In other cases, the companies simply use their market power to undercut would-be rivals. This is the notorious “kill zone” — companies that the Googles and Amazons of the world either buy or kill.
Other threats to competition are more subtle, but no less pernicious. Many of the companies assume the role of platform as well as participant; as such, they can bend algorithms and rules to their advantage. Amazon sells electronics and clothes while also writing the rules for other companies selling on its platform. Apple runs both its App Store and sells products in it. Google offers both a shopping product — and determines where other shopping sites show up in Google results. The company’s double-dealing on shopping drew a $2.7 billion fine in Europe, but the potential for abuse won’t go away as long as the companies play dual roles.
What can be done? Here’s where to start:
• Beef up the Federal Trade Commission, which reviews mergers and provides consumer protection, by requiring the biggest companies to prove acquisitions won’t harm competition. Insist on stiff fines for violations. The FTC is investigating whether Facebook violated a 2011 consent decree on data privacy, and if it finds they have, it needs to levy a Facebook-sized fine.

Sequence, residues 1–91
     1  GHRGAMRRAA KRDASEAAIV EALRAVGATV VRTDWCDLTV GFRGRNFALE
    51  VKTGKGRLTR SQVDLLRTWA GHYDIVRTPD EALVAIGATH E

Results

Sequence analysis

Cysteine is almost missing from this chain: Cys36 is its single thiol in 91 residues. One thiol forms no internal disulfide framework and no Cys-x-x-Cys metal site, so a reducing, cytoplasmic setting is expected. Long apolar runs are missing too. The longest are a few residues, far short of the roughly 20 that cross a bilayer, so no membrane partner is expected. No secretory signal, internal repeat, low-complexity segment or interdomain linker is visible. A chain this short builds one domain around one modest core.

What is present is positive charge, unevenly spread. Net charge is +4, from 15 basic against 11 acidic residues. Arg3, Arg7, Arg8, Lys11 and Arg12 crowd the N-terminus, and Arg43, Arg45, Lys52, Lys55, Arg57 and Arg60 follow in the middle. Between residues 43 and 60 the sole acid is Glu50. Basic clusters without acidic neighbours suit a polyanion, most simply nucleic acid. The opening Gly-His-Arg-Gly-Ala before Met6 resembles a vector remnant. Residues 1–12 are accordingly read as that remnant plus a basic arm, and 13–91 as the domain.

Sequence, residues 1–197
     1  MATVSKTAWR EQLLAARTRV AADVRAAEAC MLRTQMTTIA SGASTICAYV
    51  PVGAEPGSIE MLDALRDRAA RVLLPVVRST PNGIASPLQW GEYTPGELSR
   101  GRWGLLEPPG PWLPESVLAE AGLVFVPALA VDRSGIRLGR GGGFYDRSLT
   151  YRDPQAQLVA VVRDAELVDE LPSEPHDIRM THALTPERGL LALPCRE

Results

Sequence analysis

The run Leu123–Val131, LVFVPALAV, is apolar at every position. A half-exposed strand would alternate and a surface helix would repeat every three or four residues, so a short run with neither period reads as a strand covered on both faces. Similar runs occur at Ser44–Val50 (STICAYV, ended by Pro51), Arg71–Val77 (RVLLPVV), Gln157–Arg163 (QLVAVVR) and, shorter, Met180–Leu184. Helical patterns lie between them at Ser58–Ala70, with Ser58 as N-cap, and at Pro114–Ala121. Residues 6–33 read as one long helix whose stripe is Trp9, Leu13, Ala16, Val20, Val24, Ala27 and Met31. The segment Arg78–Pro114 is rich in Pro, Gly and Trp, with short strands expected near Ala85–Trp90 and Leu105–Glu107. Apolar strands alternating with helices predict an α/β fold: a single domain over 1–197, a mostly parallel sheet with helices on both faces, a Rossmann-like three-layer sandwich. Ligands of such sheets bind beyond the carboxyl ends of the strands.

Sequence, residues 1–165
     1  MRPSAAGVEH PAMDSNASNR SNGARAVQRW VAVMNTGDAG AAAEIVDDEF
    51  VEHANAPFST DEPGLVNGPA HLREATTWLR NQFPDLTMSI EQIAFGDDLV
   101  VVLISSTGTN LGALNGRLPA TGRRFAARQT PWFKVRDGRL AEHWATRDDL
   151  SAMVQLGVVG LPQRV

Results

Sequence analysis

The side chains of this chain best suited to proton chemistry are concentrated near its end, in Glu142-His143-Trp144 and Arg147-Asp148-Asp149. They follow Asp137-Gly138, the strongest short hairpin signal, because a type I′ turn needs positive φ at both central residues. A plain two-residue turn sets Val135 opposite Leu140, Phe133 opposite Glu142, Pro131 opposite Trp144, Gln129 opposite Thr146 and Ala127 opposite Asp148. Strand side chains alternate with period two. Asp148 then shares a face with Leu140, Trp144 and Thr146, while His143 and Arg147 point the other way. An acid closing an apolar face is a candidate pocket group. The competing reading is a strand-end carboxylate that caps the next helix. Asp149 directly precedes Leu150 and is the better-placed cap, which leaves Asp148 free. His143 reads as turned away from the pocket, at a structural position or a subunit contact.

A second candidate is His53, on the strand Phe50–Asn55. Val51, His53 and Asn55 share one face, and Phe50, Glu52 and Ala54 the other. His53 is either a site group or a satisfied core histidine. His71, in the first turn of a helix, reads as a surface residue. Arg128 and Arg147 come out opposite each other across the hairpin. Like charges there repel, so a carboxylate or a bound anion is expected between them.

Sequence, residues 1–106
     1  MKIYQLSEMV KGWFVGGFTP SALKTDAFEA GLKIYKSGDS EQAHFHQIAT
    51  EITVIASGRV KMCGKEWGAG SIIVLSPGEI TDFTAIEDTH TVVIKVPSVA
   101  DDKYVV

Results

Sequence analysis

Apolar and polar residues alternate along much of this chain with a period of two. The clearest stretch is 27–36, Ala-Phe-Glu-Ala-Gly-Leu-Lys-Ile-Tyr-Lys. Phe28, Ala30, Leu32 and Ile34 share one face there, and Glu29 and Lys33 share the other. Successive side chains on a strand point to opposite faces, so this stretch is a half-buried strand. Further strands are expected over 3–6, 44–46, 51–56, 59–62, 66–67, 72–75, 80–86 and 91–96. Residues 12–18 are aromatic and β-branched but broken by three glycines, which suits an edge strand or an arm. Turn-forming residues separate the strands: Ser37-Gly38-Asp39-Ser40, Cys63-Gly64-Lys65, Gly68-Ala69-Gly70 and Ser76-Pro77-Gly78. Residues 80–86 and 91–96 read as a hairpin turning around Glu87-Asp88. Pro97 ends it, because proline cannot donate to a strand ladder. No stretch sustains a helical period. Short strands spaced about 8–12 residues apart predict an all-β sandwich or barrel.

• To address monopolistic tendencies, the federal government could restrict data collection. Regulators could require that when companies collect data from a customer for one purpose, and then later use that data for a different product (for example, Instagram data feeding ads on Facebook.com), it be required to account for the transfer in the same way as if it had paid to buy that data from a third party. Then the government could require the collectors of data to license it to competitors at the same fee, similar to how patents are licensed. Conversely, the government could just make it illegal for companies to share data collected across products for advertising purposes — meaning that one’s Instagram data could not add value to the ads seen on Facebook.
• Explore Warren’s idea of designating Big Tech companies as “platform utilities” somewhat akin to telephone companies — and subject them to tighter regulation and large fines for abuses. Warren’s idea of regulating them like utilities raises some knotty questions — including the danger that it would end up deterring would-be competitors — but lawmakers should at least examine it.